In Crane’s first article, he argues that courts and legislatures ought to take into account a defendant’s exposure to potentially severe collateral consequences in determining whether procedural safeguards, such as the right to counsel and to a jury trial, apply. In his second article, he proposes a framework for determining when defendants may be entitled to enhanced procedural protections.
New Jersey Attorney General Gurbir Grewal recently issued new Guidance reminding municipal prosecutors that they cannot categorically refuse to prosecute marijuana cases while the Legislature is considering proposals relating to decriminalization. That said, the guidance reminds prosecutors that they have considerable discretion when deciding which maijuana cases to pursue. While this advice is fairly standard stuff, the second half of the guidance document is a fascinating glimpse into prosecutorial decision-making as it relates to collateral consequences. It follows a growing scholarly and legal consensus calling for opening the “black box” that is the prosecutorial mindset. For too long, the thought-processes behind prosecutorial decisions have eluded the public eye.
In essence, the guidance advises that the decision whether or not to bring charges may depend upon a defendant’s exposure to severe collateral consequences if convicted. Recognizing that prosecutors should consider collateral consequences brings their obligations closer to those imposed on defense attorneys by the Supreme Court eight years ago in Padilla v. Kentucky. Padilla required defense attorneys to know the immigration consequences faced by their clients or risk being labeled constitutionally ineffective. Many defense attorneys, public defenders, and legal aid organizations have devoted substantial effort to ensuring their clients know about housing, employment, educational, and other consequences that might attach to a conviction.
But any public defender can tell you that reliance on overburdened defense and legal aid attorneys to warn defendants and educate prosecutors about collateral consequences is bound to frustrate the goal of increasing systemic literacy. The value of the new AG guidance is in placing a burden on prosecutors to discover and take into account the effect of collateral consequences in particular cases in deciding whether or not to prosecute.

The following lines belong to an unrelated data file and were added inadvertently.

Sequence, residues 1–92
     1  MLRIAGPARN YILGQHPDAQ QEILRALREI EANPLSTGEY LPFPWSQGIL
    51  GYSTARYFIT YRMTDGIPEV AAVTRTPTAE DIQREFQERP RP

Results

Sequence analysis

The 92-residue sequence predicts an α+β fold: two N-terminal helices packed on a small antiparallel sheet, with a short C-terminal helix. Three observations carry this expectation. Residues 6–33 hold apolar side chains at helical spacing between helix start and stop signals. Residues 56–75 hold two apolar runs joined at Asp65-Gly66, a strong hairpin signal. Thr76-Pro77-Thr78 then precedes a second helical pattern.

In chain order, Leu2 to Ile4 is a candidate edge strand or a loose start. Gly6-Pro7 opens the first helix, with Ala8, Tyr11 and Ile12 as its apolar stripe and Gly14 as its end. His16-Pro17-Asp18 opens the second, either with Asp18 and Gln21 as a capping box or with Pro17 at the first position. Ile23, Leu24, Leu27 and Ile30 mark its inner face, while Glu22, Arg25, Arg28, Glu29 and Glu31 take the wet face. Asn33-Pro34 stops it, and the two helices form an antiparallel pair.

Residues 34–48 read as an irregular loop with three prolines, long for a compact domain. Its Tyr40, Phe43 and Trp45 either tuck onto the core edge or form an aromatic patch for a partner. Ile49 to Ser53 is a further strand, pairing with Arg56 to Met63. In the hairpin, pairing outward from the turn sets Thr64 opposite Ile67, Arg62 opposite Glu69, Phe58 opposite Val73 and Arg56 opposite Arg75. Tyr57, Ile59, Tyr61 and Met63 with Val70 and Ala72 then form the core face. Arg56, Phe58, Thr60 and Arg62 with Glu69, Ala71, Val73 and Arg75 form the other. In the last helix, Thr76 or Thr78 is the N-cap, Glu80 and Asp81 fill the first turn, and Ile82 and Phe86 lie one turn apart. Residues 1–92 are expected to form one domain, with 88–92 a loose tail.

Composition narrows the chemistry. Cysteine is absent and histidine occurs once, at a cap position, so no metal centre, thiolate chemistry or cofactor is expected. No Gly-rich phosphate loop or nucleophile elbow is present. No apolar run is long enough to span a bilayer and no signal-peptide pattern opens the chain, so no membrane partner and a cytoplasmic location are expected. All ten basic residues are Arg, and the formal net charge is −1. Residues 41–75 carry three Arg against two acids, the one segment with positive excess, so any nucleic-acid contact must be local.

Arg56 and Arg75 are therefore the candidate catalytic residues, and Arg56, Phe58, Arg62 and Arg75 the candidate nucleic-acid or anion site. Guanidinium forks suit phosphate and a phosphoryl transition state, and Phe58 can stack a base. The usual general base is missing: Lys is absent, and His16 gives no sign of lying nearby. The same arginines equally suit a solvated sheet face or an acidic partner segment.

Two provocative new scholarly articles examine the extent to which the crisp line historically drawn in law between felonies and misdemeanors is becoming increasingly ephemeral. In Informed Misdemeanor Sentencing, Jenny Roberts points out that conviction of a misdemeanor has become exponentially more serious in recent years as the associated collateral consequences have increased in number and severity. She urges judges to “explicitly acknowledge the many serious collateral consequences an individual suffers after any penal sanction, and incorporate those into the sentencing process to ensure that punishment is proportionate.” She recommends that sentencing courts should make “more use of deferred adjudication as well as expungement and related mechanisms for mitigating the unintended effects of a misdemeanor conviction.”
Jack Chin and John Ormonde make essentially the same point about the blurring of the old distinction between felony and misdemeanor in a forthcoming article in the Minnesota Law Review. In Infamous Misdemeanors and the Grand Jury Clause, they point out that “[i]n the late 19th and early 20th century, the Supreme Court held in a series of cases, never overruled, that to charge an infamous misdemeanor required a grand jury indictment.” They conclude that, because of the stigma that attaches to any criminal record, the Fifth Amendment requires that “many more federal offenses should be prosecuted by grand jury indictment than is now the practice.”
It is impossible to determine exactly how many of the 48,000 consequences collected in the National Inventory of the Collateral Consequences of Conviction are triggered by a misdemeanor conviction, but so many legal and regulatory consequences attach to specific categories of offenses that include misdemeanors (e.g., drug crimes, sexual offenses, crimes involving dishonesty), it is likely a substantial portion. Moreover, given the ubiquity of criminal background checking pervading every area of modern life, even a criminal record involving dismissed misdemeanor charges may result in discrimination and exclusion.
Below are the abstracts for these two articles:
A long-running national law reform project that is reaching its final stages includes a broad and progressive scheme for dealing with the collateral consequences of conviction. The American Law Institute (ALI), the nation’s oldest and most respected law reform organization, will meet in Washington on May 22-24 to approve a revision of the sentencing articles of the Model Penal Code, the first such revision in 60 years. The revised MPC: Sentencing includes an ambitious and comprehensive scheme for managing and limiting collateral consequences. [NOTE: The MPC: Sentencing draft was given final approval by the ALI Annual Meeting on May 24.]